Second, the case of sub-Saharan African amphibians illustrates the framework's application when traits in the strict sense (sensu Violle et al., 2007) are largely unavailable, a situation that is common for many taxonomic groups (e.g. González-Suárez et al., 2012). Some of the data used were derived from the characterization of known distributions of species (Foden et al., 2008, 2013) as proxies for traits. One example is tolerance to climatic variation, inferred with statistical approaches relating species ranges to climate variables. Whereas previous studies (e.g. Thuiller et al., 2005a; Feeley et al., 2012) used similar approaches, such proxies do not strictly summarize traits but the interaction between traits and the environment. Climatic tolerance inferred with these approaches may represent under-estimates when climatic niches realized in the present are truncated (Feeley & Silman, 2010). The finding that upper thermal limits tend to be highly conserved while lower limits are highly variable across organisms (Araújo et al., 2013) further indicates that such proxies may be misleading. Only the physiological limits of species could indicate their full capacity to adapt to climatic changes through plastic adaptation. One exemplar study is that of Arribas et al. (2012), where an experimental approach was applied to estimating the safety thermal limits and acclimation capacity of water beetles. Likewise, estimates of species' dispersal abilities derived from empirical data on organism movement (e.g. Gamble et al., 2007), phylogenetic distances (Arribas et al., 2012), or morphological or life-history traits (e.g. Baselga et al., 2012; Whitmee & Orme, 2013) would more reliably predict the ability of species to track suitable climates than estimates based on known geographical ranges of species.
Despite the shortcomings of the trait and exposure data used here, our results illustrate how interpretation of spatial projections of species' exposure to climate change can be altered with consideration of species' climate change vulnerability. Projections under climate change have been shown elsewhere to vary because of assumptions regarding the thermal tolerance of species (Feeley et al., 2012), and differences in dispersal capacity (Urban et al., 2012). Our analysis for wide-ranging sub-Saharan African amphibians highlights the Congo Basin and arid regions of Southern Africa, where projected losses were compounded by species' sensitivity to climatic variation, and expected gains were precluded by poor dispersal ability (Fig. 2). Tropical ectotherms have been highlighted for their vulnerability to climate change because they are living close to their upper thermal limits (Deutsch et al., 2008; Huey et al., 2009) and have narrower thermal breadths (Sunday et al., 2012). The lowland tropics in particular have been suggested to hold a high concentration of ectotherms sharing vulnerability traits (Huey et al., 2012), and to face biotic attrition in the future (Colwell et al., 2008). The shallower temperature gradient in tropical lowlands (Colwell et al., 2008) increases distances required to track suitable climates, potentially imposing a challenge to poor dispersers.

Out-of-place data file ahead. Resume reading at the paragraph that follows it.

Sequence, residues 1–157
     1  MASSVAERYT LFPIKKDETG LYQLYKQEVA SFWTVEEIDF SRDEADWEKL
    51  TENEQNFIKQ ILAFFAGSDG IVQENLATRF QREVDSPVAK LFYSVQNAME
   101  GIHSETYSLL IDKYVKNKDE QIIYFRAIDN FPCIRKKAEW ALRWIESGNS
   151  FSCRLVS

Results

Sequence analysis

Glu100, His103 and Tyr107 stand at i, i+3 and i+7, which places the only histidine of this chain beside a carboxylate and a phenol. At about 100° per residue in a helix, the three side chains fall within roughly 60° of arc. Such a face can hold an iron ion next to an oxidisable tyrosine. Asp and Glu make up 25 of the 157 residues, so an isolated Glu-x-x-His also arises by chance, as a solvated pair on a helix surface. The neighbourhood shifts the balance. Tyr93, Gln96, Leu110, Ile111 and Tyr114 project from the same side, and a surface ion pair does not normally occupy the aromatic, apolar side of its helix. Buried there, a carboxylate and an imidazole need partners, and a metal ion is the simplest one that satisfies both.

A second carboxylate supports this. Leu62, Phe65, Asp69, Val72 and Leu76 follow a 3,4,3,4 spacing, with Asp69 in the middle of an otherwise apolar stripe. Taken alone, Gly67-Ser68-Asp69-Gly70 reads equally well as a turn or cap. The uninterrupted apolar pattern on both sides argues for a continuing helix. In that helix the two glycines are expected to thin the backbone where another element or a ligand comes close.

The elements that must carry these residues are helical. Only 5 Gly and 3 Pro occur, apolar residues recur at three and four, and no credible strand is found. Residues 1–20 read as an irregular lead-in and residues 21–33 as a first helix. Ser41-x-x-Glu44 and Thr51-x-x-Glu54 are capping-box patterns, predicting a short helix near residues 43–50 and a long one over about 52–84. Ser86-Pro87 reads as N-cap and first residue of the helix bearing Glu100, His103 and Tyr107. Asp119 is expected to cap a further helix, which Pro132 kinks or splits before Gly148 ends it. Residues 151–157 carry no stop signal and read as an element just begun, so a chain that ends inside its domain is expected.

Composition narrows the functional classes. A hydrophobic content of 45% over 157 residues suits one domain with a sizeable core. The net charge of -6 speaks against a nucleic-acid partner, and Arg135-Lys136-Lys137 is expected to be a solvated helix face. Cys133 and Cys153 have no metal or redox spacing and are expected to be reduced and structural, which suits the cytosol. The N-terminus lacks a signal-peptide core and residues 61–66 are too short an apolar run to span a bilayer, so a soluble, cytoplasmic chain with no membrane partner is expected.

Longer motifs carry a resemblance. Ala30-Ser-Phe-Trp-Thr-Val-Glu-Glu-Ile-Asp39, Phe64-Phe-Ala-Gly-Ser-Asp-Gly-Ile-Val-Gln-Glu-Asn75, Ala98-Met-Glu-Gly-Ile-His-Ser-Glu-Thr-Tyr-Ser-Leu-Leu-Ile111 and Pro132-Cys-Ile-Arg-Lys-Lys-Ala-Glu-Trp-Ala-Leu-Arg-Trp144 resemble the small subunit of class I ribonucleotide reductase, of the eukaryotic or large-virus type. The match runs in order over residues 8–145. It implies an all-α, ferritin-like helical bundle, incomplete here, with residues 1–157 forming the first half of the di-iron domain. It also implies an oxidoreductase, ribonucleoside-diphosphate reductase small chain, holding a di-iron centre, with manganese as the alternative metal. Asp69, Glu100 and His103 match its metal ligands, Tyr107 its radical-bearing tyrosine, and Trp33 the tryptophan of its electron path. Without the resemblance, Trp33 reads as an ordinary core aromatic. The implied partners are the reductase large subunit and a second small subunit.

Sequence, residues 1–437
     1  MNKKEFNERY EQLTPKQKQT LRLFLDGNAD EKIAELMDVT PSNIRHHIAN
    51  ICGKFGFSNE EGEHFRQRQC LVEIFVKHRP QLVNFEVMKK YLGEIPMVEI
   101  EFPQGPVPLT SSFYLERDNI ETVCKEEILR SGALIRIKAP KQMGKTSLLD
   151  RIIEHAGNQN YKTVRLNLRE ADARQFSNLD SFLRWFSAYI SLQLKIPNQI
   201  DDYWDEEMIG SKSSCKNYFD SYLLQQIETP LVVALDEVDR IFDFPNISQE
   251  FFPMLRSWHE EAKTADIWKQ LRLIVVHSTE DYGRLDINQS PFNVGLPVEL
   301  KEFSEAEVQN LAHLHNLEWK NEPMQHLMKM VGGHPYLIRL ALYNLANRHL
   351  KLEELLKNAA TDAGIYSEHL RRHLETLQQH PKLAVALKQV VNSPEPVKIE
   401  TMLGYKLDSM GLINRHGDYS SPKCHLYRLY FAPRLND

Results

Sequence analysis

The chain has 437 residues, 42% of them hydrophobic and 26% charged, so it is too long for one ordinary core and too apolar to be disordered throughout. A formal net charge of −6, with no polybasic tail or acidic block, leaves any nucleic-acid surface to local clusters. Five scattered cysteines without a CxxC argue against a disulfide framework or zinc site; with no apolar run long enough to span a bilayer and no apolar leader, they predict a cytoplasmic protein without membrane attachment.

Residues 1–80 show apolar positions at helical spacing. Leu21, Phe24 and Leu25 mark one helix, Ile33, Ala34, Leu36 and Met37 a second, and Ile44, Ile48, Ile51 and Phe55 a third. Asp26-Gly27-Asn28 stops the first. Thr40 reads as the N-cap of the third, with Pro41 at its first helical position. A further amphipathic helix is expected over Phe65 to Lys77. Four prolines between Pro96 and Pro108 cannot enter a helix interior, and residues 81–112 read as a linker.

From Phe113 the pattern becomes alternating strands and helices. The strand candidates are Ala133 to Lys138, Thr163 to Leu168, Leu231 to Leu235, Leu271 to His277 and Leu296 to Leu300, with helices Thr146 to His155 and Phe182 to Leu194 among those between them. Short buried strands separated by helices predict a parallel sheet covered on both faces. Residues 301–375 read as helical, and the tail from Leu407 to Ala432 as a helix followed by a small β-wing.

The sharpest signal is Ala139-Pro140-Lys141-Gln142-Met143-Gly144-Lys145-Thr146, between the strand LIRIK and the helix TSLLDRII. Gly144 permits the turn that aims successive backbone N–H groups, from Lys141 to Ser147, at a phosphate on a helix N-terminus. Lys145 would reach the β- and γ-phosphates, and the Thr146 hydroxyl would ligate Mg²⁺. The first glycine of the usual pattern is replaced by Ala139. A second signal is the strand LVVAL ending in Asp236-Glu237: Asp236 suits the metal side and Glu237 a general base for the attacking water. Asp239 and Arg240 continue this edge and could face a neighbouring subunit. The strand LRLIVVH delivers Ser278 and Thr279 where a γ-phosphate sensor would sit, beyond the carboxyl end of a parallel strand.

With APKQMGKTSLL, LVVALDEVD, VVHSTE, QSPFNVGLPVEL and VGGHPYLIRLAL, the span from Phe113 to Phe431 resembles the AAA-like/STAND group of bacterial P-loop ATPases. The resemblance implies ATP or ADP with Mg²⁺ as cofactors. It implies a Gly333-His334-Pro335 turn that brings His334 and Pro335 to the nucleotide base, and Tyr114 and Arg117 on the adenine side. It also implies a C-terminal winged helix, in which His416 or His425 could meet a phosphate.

Among the groups of wide-ranging amphibians exposed to different combinations of threats and opportunities, those most exposed – ‘contracting in situ’ and ‘obligate shifting’ species – showed the strongest modifying effect of vulnerability on projections of exposure (Fig. 3). Whereas poor dispersal ability rendered projected gains to be unlikely for ‘obligate shifting’ species, losses for ‘contracting in situ’ species were discordant with the group's lower vulnerability with respect to plasticity. Exposure of the narrow-ranging montane species excluded from this study probably mirrors more closely that of our ‘contracting in situ’ group, which includes species with ranges among the smallest of our sample and encompassing mountain regions (Fig. 3). For narrow-ranging species, contraction of the available marginal climatic conditions that are suitable for them may play an important role (Williams et al., 2007; Ohlemüller et al., 2008). At the same time, in the topographically diverse regions where these species occur, microclimates not captured at the coarse scale used here may facilitate adaptation to changing climates (Pearson, 2006). Besides the potential threat from climate change, the high-elevation, range-restricted species with low fecundity that were excluded from our study (Appendix S2) are also susceptible to declines associated with the chytridiomycosis disease (Bielby et al., 2008). By contrast, future projections for ‘expanding’ species remained largely unchanged after consideration of traits, although this may result from our simplistic approach whereby we retained all gains by good dispersers irrespective of the distances involved. Nevertheless, the current levels of loss and fragmentation of natural ecosystems are likely to pose an important challenge to dispersal (Opdam & Wascher, 2004).